audacity spyware

Audacity addresses “Spyware” claims

Audio editing and recording software Audacity was classified as “spyware” by news source FOSS Post this past weekend following the software’s most recent privacy policy change. On July 2, Audacity updated their privacy policy by adding new types of personal data that would be collected for app analytics and for the improvement of the application. The personal data includes OS name, OS version, a user’s country (determined by IP address), CPU, error messages, and crash reports. The new policy also states that any data necessary for “law enforcement, litigation and authorities’ requests” would be collected in a situation with legal enforcement.

 

This data can be shared among Audacity’s staff members, legal representatives, advisors, auditors, any competent law enforcement body, regulatory, government agency, court or “other third party”, and also to a “potential buyer.”

 

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Daniel Ray, the Head of Strategy at Muse Group (Audacity’s owner), issued a response to the “spyware” claims on GitHub clarifying the newly updated privacy policy for Audacity. Ray believes that the unclear wording of the policy change is the cause of rising concerns among Audacity users. He states that any personal data collected will not be sold or shared with third parties. Ray discusses that data collection is limited to basic system information, error report data, and the user’s IP address which is “irretrievable after 24 hours.” Additionally, users that use Audacity offline will not have their personal data collected.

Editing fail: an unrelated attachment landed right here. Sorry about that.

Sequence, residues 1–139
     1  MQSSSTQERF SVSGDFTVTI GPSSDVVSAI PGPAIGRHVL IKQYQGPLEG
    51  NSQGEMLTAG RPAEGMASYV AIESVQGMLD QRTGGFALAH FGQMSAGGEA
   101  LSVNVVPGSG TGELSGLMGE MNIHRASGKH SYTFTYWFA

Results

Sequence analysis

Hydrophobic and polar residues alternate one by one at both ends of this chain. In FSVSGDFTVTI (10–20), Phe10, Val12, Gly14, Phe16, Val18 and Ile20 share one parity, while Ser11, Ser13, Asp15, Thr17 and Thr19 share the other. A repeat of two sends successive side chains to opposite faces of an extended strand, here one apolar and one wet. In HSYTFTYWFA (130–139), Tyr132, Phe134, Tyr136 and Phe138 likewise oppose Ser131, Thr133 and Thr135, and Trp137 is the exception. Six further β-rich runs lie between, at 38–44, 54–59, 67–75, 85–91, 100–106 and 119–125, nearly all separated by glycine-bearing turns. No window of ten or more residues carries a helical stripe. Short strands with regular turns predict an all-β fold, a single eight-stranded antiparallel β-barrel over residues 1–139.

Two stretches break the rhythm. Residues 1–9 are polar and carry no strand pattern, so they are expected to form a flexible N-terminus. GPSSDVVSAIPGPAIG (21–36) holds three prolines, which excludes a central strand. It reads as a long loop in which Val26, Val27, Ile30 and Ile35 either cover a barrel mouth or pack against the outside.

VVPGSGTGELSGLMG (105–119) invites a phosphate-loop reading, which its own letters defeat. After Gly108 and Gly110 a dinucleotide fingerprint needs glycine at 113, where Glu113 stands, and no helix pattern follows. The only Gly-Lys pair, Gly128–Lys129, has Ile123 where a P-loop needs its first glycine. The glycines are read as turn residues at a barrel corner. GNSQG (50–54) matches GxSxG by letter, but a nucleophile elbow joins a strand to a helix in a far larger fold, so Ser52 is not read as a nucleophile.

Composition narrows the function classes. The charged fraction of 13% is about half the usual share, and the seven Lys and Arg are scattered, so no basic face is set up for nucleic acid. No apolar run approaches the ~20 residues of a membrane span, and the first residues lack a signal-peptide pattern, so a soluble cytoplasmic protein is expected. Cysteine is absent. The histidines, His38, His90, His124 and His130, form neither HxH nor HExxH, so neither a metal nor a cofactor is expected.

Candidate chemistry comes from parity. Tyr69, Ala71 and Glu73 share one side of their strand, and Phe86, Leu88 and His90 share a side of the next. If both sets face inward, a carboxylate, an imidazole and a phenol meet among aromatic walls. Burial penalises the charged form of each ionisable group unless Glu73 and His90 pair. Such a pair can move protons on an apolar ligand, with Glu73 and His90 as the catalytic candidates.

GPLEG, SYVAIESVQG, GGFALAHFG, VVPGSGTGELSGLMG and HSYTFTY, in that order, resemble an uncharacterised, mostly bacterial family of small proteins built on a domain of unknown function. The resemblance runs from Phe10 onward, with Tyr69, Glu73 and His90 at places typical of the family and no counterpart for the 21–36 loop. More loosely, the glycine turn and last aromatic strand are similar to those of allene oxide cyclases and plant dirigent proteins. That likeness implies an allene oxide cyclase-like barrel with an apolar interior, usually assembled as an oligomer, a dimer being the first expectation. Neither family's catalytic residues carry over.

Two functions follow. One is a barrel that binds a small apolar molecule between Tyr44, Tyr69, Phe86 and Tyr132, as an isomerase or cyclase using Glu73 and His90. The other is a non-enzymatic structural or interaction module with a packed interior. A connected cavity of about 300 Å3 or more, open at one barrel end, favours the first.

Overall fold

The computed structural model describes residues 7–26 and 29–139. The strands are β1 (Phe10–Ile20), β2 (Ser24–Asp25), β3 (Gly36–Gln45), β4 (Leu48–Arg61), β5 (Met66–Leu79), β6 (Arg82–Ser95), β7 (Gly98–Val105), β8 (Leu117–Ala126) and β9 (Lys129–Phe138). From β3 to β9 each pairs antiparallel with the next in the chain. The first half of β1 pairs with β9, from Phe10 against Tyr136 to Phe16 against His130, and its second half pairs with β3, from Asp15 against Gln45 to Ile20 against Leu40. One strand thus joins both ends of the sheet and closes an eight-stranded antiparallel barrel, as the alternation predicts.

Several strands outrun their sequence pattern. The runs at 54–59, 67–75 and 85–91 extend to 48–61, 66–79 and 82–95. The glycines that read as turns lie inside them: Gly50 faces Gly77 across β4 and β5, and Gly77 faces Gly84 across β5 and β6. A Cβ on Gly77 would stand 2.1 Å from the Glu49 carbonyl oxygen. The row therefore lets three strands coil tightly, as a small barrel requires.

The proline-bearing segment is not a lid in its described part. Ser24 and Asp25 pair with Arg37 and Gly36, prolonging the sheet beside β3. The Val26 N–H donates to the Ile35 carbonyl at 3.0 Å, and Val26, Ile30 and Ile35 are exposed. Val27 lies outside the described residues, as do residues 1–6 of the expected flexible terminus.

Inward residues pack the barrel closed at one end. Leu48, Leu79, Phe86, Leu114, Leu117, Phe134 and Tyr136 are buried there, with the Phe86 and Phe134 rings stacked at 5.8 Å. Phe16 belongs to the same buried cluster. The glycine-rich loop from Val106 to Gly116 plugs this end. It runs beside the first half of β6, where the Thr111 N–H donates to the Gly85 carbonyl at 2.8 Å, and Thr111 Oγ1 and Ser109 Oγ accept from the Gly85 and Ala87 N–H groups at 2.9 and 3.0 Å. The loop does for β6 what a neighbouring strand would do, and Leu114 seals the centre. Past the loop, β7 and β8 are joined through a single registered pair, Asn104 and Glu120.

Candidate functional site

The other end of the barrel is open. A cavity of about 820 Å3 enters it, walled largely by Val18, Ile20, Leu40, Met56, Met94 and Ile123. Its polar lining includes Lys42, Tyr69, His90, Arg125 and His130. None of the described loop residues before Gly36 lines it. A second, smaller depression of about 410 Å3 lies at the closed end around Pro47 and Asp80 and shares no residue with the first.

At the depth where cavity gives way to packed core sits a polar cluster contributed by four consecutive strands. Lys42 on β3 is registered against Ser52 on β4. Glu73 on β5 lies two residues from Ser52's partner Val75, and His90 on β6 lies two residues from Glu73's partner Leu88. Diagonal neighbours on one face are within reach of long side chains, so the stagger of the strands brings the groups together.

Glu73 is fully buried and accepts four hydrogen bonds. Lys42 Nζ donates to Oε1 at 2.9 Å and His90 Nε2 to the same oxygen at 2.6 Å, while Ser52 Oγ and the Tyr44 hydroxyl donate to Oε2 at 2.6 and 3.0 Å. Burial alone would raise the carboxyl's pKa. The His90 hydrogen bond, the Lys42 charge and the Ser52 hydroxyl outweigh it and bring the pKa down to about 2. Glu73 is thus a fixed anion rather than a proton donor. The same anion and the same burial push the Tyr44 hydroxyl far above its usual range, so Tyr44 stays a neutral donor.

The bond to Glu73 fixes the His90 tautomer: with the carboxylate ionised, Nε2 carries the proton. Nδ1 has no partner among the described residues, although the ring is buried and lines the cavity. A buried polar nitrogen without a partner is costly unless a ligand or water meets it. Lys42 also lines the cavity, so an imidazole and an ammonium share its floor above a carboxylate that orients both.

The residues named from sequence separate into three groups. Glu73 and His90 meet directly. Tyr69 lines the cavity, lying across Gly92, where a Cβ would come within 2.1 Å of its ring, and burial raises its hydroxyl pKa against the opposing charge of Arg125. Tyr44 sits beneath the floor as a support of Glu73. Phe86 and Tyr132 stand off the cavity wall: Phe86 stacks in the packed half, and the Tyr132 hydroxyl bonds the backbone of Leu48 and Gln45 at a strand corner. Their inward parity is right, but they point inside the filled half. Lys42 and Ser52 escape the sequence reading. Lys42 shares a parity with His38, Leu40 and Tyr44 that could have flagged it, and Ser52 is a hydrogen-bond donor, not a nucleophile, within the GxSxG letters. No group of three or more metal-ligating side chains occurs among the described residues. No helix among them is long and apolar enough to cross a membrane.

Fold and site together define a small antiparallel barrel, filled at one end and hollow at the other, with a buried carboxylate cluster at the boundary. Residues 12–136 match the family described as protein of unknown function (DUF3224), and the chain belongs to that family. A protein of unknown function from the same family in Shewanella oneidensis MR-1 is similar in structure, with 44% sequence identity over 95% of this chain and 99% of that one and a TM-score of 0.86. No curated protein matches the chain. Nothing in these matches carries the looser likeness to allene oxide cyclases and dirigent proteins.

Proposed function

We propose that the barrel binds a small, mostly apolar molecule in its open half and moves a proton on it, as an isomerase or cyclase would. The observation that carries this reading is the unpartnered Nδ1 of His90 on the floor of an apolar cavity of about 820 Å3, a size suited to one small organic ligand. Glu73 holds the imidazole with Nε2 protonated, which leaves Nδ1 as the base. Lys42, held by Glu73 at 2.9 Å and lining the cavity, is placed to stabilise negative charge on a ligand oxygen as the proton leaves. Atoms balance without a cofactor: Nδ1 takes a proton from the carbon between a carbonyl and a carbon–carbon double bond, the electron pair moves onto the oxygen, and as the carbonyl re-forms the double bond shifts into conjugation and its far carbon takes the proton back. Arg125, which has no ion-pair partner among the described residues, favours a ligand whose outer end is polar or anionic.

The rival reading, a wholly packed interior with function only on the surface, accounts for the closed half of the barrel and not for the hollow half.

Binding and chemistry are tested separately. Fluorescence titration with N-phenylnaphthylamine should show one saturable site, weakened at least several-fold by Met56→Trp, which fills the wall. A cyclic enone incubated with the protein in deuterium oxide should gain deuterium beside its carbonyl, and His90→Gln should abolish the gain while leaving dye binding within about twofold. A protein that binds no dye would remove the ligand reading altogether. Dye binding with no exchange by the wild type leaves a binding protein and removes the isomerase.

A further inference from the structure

The new privacy policy is not yet implemented into Audacity but will be included in the next version of the program (version 3.0.3).

Check out a brief overview of Audacity here in our list of the 10 Best Free Plugins on Plugin Boutique.

Feature Image Credit: Audacity